Legend of Underground Literature: Jack Kerouac – “The Voice is All”

Jack Kerouac, born Jean-Louis Lebris de Kérouac, (1922 –1969) was an American novelist and poet. Born March 12, 1922, in Lowell, Massachusetts, he was the son of Leo Kerouac, a printer, and Gabrielle Levesque, a factory worker. He did not speak English until he was five years old, using instead a combination of French and English used by the many French-Canadians who settled in New England. At the age of eleven he began writing novels and made-up accounts of horse races, football games, and baseball games. He received a football scholarship to Columbia University in New York City and arrived there in 1940 where he began to pursue an interest in literature and studied, in particular, the style of writer Thomas Wolfe (1900–1938). In 1941 Kerouac had an argument with Columbia’s football coach and left school.
Kerouac worked briefly at a gas station and as a sports reporter for a newspaper in Lowell. In 1943 he joined the Navy, but he was honorably discharged after six months. He spent the war years working as a merchant seaman and hanging around Columbia with such writers as William Burroughs (1914–1997) and Allen Ginsburg (1926–1997). He wrote two novels during this time, The Sea Is My Brother and And The Hippos Were Boiled In Their Tanks, with Burroughs.
In 1947 Neal Cassady visited New York and asked Kerouac to give him writing lessons. When Cassady returned to Denver, Colorado, Kerouac followed. After a brief time in Denver, Kerouac wandered into California, beginning a four-year period of travel throughout the West. When not on the road, he was in New York working on his novel The Town and The City, (1950). Kerouac then began to experiment with a more natural writing style. In April, 1951, Kerouac threaded a huge roll of paper into his typewriter and wrote the single 175,000-word paragraph that became On The Road. The more than 100-foot scroll was written in three weeks but was not published for seven years. Sal and Neal, the main characters, scoff at established values and live by a romantic code born out off the West. They are described as “performing our one noble function of the time, move.” In between writing On The Road and its publication, Kerouac took many road trips, became depressed and addicted to drugs and alcohol, and did his most ambitious writing. When On The Road was published in 1957, Kerouac became instantly famous, a spokesman for the “Beat Generation”, young people in the 1950s and 1960s who scorned middle-class values. His classic book became the bible of the countercultural generation. Thematically, his work covers topics such as Catholic spirituality, promiscuity, Buddhism, drugs, poverty, and travel. He became an underground celebrity and, with other beats, a progenitor of the hippie movement, although he remained antagonistic toward some of its politically radical elements.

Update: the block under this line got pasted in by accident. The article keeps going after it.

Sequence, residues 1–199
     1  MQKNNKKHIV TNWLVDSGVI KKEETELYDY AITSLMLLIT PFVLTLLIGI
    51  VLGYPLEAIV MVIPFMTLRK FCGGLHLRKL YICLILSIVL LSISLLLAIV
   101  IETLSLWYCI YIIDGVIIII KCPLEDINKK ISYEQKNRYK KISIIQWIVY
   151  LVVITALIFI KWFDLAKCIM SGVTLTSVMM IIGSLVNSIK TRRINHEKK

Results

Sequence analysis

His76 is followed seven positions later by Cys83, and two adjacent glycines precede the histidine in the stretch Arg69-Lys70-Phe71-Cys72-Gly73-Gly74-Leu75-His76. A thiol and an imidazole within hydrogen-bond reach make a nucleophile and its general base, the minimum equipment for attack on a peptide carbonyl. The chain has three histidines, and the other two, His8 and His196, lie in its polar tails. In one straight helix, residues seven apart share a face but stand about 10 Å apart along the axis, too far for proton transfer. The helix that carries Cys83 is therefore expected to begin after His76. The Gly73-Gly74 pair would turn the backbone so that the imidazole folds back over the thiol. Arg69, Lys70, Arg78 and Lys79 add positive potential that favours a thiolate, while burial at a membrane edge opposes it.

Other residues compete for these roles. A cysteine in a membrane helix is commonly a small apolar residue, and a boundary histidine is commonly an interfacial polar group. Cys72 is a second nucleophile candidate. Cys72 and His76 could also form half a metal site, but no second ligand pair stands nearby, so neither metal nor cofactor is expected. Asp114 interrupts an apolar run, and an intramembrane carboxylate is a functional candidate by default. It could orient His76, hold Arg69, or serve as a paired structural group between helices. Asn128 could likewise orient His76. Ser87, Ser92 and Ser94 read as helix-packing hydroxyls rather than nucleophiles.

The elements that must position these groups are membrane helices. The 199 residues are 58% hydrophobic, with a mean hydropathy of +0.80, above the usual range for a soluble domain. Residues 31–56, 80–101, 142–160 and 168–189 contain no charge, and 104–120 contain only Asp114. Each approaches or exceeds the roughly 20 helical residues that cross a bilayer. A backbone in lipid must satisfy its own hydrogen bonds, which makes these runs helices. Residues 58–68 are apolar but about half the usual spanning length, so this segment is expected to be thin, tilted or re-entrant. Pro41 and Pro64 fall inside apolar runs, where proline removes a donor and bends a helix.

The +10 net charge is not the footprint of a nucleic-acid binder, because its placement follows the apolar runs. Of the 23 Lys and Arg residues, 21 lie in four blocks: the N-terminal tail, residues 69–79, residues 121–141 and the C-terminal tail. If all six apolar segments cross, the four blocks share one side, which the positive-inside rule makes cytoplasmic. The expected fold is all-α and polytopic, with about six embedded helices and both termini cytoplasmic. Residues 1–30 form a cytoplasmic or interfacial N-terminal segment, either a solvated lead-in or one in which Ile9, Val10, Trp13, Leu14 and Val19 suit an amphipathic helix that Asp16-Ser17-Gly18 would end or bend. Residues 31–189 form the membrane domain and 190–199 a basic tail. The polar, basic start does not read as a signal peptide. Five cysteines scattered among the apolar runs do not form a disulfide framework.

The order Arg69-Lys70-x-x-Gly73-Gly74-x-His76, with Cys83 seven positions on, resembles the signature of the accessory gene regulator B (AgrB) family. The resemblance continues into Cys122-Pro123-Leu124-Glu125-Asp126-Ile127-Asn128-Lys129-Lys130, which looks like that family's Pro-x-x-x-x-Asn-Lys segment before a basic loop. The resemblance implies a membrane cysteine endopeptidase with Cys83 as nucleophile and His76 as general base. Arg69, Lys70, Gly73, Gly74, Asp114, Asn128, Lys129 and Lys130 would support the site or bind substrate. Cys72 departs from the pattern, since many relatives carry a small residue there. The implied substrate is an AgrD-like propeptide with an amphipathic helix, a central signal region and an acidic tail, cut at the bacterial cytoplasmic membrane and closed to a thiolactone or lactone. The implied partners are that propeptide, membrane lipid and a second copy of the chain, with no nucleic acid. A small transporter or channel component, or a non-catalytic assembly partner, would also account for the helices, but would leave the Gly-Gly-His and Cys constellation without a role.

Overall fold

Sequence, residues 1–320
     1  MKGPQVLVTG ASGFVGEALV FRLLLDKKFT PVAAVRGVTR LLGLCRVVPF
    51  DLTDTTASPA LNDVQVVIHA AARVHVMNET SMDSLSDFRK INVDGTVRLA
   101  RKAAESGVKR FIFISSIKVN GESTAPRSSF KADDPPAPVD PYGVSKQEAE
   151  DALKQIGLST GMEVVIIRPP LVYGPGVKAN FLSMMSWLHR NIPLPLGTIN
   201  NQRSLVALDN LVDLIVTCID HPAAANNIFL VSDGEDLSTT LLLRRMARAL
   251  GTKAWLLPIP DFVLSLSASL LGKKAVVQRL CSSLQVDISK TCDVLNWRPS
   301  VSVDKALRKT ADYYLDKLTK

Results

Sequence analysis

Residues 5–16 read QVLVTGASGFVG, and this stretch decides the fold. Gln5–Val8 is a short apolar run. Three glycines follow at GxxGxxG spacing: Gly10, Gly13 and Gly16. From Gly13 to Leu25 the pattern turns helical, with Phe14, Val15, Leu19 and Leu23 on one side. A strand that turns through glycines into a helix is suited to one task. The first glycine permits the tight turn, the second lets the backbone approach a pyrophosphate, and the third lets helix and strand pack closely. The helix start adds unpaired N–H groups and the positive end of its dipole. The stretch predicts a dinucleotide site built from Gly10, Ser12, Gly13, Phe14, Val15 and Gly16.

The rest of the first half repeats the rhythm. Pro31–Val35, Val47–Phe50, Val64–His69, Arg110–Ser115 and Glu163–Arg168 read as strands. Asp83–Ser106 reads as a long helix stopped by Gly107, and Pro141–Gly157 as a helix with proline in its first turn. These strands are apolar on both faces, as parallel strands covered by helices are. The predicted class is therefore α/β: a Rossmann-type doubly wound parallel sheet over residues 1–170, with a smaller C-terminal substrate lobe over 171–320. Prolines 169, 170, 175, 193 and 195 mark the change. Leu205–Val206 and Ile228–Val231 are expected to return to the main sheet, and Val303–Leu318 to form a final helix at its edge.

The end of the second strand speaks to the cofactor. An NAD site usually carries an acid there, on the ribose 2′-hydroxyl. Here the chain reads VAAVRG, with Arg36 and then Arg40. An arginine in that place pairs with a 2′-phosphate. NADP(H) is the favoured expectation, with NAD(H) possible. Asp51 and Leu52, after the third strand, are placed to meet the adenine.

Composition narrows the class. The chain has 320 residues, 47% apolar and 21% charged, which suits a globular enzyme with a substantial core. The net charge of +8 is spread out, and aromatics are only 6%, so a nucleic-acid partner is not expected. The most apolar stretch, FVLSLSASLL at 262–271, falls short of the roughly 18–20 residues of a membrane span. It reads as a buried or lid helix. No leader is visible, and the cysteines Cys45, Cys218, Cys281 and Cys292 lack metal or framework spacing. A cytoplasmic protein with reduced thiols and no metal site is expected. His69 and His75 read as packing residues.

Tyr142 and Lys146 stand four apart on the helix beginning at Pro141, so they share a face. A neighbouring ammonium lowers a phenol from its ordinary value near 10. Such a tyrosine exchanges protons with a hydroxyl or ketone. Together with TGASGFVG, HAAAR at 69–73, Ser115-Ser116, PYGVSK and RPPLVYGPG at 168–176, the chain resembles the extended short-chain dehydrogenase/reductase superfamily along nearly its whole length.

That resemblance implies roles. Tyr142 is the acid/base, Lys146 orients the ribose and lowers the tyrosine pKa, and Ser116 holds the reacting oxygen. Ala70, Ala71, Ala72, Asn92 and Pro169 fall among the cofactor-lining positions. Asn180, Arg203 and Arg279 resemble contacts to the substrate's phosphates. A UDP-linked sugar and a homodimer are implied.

He frequently appeared drunk, and interviews with him usually turned into arguments. In 1958 he wrote The Dharma Bums, a follow-up to On The Road. He then stopped writing for four years. By 1960 he was an alcoholic and had suffered a nervous breakdown. On October 21st, 1969, at the age of 47, while watching the Galloping Gourmet on television, with a pad in his lap and pen in his hand, Jack Kerouac began to hemorrhage and died hours later, a classic alcoholic’s death. He impressed many famous figures such as

the Doors, Lenny Bruce. Doors, Lenny Bruce and Bob Dylan. Since his death, his literary reputation has grown, and several previously unseen works have been published. All of his books are in print today, including his poetry.

He is buried with the rest of his family near Lowell. His grave has been a site of pilgrimage for decades. Mourners leave cigarettes and joints, as well as dollar shots with a sip inside, should he wake up thirsty. Poets impale poems on the pens that wrote them, which are planted in the dirt like a stockade fence to protect the flat, original plaque. The grave received a new headstone in 2014, a waist-high granite slab inscribed with his signature, and his line, “The Road is Life”. The original flat headstone (see image above) remains just in front of the new one, six stones up and three stones deep.


Memories (Paris) 2

Ok so this is the second time I’m visiting Sheakspeare & Co bookshop in Paris. With the same feelings, same joy and same excitement. This time I left another note and hopefully next time I will leave another one too. This bookshop has been particularly a special place for me since I’ve watched Before Sunset’s first part. As Celine and Jess’s love was quite naive and the way of their talking about life in general, quite philopically, I feel very attached to this place. Additionally, a superb movie by Woody Allen – Midnight In Paris – made it double worth it for me to see again. So in my second visit to Sheakspeare and Co I felt the same intense feelings and spent some time around the bookshop. This time, like my first arrival to the store in 2013 (http://wp.me/p37uMp-an) ,  I stumbled upon another amazing books. First volumes of some Tolstoy, Krushchevs and others… it was all really nice. Finally, let me share the latest note by me. See you on the next trip. x


Ego is a word that has a negative connotation in society but don’t confuse the perceived definition of ego with the actual one. Ego is associated with self-esteem, drive and determination, it only becomes negative when it is selfish. Leaders are by nature proud people and it is doubtful that a person claiming to have no ego would likely climb to the top of any profession or organization. The constant challenge is avoiding the threat of the dreaded ego trip, a destination that is fuelled by the constant need for feeding to the point that sense of true direction is lost.